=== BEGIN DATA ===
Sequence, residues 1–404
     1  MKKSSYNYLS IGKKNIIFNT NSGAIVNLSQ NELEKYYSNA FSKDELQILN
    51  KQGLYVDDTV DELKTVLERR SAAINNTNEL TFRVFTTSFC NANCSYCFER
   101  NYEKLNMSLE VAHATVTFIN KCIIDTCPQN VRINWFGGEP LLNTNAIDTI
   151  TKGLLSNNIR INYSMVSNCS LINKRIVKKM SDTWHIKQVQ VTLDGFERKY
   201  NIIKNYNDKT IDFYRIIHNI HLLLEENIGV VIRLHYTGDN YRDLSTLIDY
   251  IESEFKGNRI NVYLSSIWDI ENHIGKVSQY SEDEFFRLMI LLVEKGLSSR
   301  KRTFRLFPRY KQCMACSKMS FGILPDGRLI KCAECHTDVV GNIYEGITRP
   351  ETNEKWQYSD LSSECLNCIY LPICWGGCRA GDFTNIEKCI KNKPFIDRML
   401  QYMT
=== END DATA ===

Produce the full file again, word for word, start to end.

Sequence, residues 1–404
     1  MKKSSYNYLS IGKKNIIFNT NSGAIVNLSQ NELEKYYSNA FSKDELQILN
    51  KQGLYVDDTV DELKTVLERR SAAINNTNEL TFRVFTTSFC NANCSYCFER
   101  NYEKLNMSLE VAHATVTFIN KCIIDTCPQN VRINWFGGEP LLNTNAIDTI
   151  TKGLLSNNIR INYSMVSNCS LINKRIVKKM SDTWHIKQVQ VTLDGFERKY
   201  NIIKNYNDKT IDFYRIIHNI HLLLEENIGV VIRLHYTGDN YRDLSTLIDY
   251  IESEFKGNRI NVYLSSIWDI ENHIGKVSQY SEDEFFRLMI LLVEKGLSSR
   301  KRTFRLFPRY KQCMACSKMS FGILPDGRLI KCAECHTDVV GNIYEGITRP
   351  ETNEKWQYSD LSSECLNCIY LPICWGGCRA GDFTNIEKCI KNKPFIDRML
   401  QYMT